Tyler Henry, Michael Corbett at arrivals for Project Angel Food’s 28th Annual Angel Awards, Project Angel Food, Los Angeles, CA August 18, 2018. Photo By: Priscilla Grant/Everett Collection
Credit: Priscilla Grant/Courtesy of Everett Collection.

“I’m a skeptic, too.”

Daytime fans remember Michael Corbett from his scheming and murderous ways as David Kimble on The Young and the Restless, but he’s also a big part of one of Netflix’s hottest shows right now: Life After Death with Tyler Henry. Corbett’s relationship with the clairvoyant medium extends back to Henry’s late teen years when he first met him at a Christmas party.

“Someone came up to me and said, ‘Hey, there’s a kid here from Northern California and he was bullied in high school and beaten up… and oh, he talks to the dead.’ OK, yeah, right,” says Corbett to Soaps.com. Despite being initially skeptical of Henry’s talents, Corbett invited him to do a reading the next day. “He told me things no one could know. Friends who had passed, how they passed, details, specifics. I tested him and gave him a name,” he explains incredulously. “He would be so specific in details, it was that moment I went, ‘Wow! I want to create a TV show for this kid.'” And that’s exactly what Corbett set out to do, landing Henry a show at E! called Hollywood Medium that ran for four seasons as a celebrity vehicle for readings.

More: David Kimble’s shocking end on ‘The Young and the Restless’

For viewers wondering how this new series is different, Corbett explains that Life After Death is a much more personal venture because they combed through Henry’s 300,000 person waiting list in hopes of proving that “our loved ones never really leave us” after they pass away. “I created Hollywood Medium at E!, and because it was E!, they wanted Tyler to be reading celebrities… which is fine,” he says. “What I had always envisioned was doing something that was much more meaningful, something more in line with who he really is. He really wants to go out there and heal the world and help people.”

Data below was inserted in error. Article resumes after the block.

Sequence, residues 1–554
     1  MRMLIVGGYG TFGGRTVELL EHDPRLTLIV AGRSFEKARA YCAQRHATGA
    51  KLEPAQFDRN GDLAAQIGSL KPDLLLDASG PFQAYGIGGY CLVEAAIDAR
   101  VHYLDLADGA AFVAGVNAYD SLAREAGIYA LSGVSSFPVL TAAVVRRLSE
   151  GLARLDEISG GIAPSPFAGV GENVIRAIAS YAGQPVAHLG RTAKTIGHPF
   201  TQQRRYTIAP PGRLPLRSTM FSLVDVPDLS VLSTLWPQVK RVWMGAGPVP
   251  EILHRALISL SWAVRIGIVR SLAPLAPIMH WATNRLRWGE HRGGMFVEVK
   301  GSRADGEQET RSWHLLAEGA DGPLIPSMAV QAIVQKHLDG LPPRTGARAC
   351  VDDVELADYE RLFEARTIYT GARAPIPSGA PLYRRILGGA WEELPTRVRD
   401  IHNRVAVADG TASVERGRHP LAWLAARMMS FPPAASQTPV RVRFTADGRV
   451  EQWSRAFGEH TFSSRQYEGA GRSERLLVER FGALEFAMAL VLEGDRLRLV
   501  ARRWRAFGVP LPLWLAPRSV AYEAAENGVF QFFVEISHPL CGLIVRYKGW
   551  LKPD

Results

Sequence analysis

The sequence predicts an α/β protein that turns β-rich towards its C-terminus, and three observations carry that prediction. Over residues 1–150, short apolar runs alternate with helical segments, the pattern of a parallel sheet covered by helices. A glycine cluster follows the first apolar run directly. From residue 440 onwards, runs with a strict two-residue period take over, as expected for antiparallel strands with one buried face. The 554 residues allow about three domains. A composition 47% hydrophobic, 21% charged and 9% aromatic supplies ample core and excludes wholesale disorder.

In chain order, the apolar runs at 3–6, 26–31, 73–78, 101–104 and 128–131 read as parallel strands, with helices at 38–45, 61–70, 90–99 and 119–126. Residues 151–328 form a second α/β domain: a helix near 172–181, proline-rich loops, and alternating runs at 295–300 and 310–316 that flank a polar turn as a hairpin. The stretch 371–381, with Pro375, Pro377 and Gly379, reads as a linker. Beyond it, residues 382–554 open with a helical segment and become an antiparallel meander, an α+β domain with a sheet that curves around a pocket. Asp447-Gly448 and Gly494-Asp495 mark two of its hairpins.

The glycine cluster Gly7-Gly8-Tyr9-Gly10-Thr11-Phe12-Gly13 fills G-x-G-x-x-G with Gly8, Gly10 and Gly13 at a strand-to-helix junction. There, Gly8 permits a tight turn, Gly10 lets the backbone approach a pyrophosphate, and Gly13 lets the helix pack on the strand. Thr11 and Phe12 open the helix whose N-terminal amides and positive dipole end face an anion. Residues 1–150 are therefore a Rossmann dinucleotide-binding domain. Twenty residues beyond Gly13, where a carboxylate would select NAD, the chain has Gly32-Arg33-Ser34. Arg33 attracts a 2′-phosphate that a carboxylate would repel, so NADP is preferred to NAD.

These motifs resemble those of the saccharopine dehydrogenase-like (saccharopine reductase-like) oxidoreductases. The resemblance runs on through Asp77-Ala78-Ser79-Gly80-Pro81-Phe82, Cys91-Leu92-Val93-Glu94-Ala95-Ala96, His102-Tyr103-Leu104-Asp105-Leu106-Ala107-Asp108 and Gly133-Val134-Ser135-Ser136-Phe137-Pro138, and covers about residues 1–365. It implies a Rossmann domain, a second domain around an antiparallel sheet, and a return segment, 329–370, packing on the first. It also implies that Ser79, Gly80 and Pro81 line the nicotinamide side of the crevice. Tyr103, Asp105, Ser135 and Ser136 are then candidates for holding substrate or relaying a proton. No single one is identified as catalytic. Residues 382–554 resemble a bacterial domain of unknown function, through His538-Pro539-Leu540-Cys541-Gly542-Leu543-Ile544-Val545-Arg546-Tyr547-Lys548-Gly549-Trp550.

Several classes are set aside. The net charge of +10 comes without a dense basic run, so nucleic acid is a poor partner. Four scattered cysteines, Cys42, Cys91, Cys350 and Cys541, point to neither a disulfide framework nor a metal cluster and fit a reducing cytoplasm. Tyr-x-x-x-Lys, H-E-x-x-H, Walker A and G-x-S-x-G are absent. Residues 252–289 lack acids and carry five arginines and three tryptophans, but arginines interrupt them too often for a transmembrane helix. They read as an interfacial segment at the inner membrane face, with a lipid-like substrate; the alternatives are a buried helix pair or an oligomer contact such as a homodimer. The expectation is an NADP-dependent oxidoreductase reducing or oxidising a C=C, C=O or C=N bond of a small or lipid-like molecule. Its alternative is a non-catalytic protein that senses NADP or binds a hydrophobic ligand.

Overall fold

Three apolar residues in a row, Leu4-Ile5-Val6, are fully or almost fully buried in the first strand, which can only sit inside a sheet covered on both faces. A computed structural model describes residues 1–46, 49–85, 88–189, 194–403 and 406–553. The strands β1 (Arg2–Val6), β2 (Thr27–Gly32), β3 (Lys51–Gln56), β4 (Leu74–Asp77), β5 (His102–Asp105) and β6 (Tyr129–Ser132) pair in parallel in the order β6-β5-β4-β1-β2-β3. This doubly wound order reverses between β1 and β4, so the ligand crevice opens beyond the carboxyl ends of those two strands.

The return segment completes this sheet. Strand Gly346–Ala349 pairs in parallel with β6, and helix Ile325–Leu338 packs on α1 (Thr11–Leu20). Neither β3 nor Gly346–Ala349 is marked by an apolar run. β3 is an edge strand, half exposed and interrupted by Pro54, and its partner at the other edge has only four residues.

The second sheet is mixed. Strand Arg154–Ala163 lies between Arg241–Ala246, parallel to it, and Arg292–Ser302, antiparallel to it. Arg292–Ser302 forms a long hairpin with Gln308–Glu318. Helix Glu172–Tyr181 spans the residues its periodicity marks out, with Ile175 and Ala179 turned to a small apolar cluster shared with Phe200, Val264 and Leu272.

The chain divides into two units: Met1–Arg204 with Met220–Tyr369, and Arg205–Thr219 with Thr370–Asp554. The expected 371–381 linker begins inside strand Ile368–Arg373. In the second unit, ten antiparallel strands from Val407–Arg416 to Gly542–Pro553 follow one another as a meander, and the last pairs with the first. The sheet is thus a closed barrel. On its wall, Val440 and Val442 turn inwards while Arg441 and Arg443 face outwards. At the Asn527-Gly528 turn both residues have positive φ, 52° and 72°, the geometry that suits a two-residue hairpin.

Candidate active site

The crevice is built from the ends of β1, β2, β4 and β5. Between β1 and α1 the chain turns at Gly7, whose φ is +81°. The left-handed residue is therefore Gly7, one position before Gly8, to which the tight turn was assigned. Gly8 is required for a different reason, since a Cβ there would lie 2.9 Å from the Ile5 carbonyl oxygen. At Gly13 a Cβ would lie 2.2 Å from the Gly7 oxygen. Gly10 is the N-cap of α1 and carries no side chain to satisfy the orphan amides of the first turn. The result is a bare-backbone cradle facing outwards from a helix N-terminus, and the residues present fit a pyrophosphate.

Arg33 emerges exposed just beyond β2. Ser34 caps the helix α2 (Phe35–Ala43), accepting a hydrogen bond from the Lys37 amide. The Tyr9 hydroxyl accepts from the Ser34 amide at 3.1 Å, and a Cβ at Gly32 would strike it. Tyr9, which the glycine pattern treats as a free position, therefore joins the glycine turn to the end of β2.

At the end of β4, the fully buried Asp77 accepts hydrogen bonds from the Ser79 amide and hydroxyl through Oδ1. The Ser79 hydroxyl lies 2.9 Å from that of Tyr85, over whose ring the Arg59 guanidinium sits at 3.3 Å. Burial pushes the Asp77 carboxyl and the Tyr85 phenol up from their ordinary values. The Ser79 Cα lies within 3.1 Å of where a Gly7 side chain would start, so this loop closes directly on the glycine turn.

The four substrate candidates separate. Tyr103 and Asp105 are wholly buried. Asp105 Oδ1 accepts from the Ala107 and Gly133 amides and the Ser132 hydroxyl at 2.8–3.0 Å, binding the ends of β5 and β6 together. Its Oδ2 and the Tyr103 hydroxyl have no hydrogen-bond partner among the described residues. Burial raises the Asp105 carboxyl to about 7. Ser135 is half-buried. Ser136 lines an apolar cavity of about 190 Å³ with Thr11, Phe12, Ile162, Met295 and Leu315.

Corbett knows there are plenty of skeptics who don’t believe in the medium’s work, but as an executive producer, he promises that Henry is “completely and utterly shielded from any information” and “never knows who he is going to read until he’s at the doorstep and the cameras start rolling.” He also encourages people to go watch one of Henry’s live shows in front of 2,000 people because that is where you can see his gifts up close. “I don’t know how he does it. We can’t figure it out, I try and poke holes in it all of the time because I’m a skeptic, too,” he shares.

More: Daytime’s best & worst of 2022 so far

The new series is currently trending on the streaming platform’s Top 10, which confirms Corbett’s theory that the timing was right for Henry’s return to the public eye. “Times are very challenging right now. COVID was horrible, so many people lost loved ones. We are still grappling with that loss and now, we are at war,” he sums up. “So, there’s a lot of discontent and unease in the world. It’s nice to have someone bringing a little bit of hope and a bit of understanding of things greater than us.”

For more of our chat with Corbett — including a look back at his time on The Young and The Restless — check out the entire interview above. Then visit the photo gallery below in which we rank the all-time best villains ever. Find out if David Kimble made the list!